On Thurs., March 28, students, faculty and members of the Wheaton Friends of Arts came to Ellison Lecture for the fifth annual Mary L. Heuser lecture. The topic of the evening was Professor Timothy McCall’s presentation “Brilliant Male Bodies on Display: Italian Renaissance Fashion, Ornamentation and Splendor.”
Assistant Professor of Art History at Villanova University in Philadelphia, McCall’s research interests lie in “investigating gender, power and visual culture” during Medieval and Renaissance periods, particularly in Italy. The lecture he gave came out of his upcoming publication, Brilliant Bodies: Men at Court in Early Renaissance Italy.
An ongoing project for the last several years, McCall says his research took new directions towards masculinity, clothing and adornment during his time in Italy as a fellow for Harvard’s Center for Renaissance Studies, the Villa I Tatti, in 2010. “I realized that all of these images of mistresses that I was writing about actually told us more about the men who were sometimes paying for the images (and also looking at them) than it did about the women who were being represented,” he explained.
During his lecture, McCall encouraged the audience to think beyond the visual and imagine the men in his presentation as in motion, their ornate splendor clinking as they walked in public. Using frescoes and documents of prominent public figures as evidence, McCall illustrated how power and status was broadcast in the 15th century through clothing and ornamentation.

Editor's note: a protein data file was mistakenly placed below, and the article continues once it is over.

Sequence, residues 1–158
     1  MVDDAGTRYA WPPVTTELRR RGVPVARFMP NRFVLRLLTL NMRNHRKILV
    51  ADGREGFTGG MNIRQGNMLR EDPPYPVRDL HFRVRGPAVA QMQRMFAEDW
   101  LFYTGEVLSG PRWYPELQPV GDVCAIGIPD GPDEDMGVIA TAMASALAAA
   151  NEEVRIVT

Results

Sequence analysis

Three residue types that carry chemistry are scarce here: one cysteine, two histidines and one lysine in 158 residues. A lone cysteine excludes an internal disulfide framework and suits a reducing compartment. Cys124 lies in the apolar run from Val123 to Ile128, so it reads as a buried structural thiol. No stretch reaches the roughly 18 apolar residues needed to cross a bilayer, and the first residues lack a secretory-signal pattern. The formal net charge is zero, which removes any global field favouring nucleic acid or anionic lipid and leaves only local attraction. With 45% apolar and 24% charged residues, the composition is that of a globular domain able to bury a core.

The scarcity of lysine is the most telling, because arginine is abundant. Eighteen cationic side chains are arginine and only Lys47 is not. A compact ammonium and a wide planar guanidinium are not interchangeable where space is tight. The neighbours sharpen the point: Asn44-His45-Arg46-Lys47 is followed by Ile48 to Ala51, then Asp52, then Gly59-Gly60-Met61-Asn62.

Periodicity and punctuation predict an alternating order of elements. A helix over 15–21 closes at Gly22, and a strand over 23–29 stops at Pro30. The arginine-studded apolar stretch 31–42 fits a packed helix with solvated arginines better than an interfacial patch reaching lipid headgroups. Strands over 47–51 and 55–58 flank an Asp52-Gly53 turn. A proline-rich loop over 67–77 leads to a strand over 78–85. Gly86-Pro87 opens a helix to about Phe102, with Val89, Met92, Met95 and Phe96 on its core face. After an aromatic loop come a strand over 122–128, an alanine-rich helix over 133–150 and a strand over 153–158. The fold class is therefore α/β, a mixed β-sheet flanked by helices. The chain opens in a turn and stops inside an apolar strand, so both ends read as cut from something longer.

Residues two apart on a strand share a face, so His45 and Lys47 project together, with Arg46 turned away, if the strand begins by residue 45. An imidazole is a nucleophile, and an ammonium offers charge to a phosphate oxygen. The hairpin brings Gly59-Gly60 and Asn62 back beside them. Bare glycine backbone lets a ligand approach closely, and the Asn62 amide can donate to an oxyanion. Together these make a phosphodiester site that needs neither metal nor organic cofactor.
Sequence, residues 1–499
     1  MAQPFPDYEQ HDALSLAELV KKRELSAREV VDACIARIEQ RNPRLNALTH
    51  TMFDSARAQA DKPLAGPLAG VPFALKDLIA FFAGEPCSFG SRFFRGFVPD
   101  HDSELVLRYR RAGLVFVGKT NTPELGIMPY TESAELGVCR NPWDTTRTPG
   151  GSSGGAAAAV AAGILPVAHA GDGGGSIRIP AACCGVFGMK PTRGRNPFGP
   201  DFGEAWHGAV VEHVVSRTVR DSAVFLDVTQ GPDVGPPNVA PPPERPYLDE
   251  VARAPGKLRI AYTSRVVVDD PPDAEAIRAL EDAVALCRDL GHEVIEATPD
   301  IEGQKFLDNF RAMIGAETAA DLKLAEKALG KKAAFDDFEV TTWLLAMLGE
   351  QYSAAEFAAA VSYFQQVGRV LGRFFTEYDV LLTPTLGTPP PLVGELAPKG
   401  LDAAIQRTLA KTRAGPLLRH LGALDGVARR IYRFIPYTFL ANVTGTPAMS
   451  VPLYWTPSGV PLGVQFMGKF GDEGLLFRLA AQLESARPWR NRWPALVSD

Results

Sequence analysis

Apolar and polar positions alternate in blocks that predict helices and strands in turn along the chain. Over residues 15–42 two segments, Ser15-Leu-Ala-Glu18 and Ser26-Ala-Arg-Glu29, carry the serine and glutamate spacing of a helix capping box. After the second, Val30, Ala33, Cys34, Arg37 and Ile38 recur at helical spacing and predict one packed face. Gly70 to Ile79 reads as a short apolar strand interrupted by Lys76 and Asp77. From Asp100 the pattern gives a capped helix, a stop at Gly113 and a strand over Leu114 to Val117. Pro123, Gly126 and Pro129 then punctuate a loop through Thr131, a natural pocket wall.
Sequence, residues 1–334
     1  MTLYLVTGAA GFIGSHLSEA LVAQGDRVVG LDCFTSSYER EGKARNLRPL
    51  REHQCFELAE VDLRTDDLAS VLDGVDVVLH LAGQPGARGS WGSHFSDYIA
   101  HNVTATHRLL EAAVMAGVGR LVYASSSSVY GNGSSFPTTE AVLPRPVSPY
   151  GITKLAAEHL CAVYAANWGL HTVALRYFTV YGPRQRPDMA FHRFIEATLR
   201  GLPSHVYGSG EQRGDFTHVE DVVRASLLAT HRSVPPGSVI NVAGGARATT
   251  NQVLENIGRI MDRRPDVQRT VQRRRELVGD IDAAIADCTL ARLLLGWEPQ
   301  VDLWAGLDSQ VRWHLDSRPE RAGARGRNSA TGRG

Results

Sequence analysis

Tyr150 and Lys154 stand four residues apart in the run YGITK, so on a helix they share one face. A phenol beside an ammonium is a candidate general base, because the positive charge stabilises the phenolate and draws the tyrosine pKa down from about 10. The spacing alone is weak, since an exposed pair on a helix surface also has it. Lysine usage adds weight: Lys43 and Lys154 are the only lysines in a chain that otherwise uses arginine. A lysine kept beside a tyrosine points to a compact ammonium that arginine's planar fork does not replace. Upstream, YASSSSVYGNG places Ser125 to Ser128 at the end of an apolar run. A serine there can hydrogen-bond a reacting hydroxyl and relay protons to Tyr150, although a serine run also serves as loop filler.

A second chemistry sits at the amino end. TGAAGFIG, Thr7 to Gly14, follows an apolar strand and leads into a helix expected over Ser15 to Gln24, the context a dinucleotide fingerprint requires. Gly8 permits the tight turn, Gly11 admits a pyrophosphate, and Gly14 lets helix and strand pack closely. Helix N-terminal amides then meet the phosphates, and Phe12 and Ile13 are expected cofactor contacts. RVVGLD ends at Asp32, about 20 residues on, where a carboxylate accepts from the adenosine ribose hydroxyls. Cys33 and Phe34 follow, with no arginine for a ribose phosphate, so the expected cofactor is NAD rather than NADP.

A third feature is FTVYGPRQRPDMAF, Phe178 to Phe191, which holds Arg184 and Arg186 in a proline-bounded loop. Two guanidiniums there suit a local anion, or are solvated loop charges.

In one example, an exchange of letters revealed that the women writing took more interest in the gems the men wore than the actual men themselves. Well aware that they were objects to be looked at and that “looking beautiful was an ideological requirement,” Italian male aristocrats often held deep insecurities, as pointed out by McCall.
Although McCall’s discussion drew on visual and written evidence from the 15th century, Assistant Professor of Art History Touba Ghadessi noted that his research is applicable to modern society in different manifestations. Not only did McCall’s presentation challenge the notions of masculinity and male fashion held in Renaissance times, certain correlations could be made to the 21st century. In one humorous example, McCall related a document that decreed men caught wearing too short a doublet (a close fitting buttoned jacket) would be subject to a fine, a situation not too different from exposing too much skin in today’s society.Through issues regarding the body and ideologies of sexuality, his work relates not only to Art History but offers opportunities for interdisciplinary study.
Funded by the Wheaton Friends of Arts, McCall’s lectures was part of a series that honors former Art History professor Mary Heuser, who helped revive the organization in 1981. This year’s event was organized by Professor Ghadessi, who invited McCall and introduced his presentation. According to Professor Tripp Evans, who is the Mary L. Heuser Chair in the Arts, Heuser’s specialty was Medieval and Renaissance art, so she may have been particularly pleased with this year’s topic.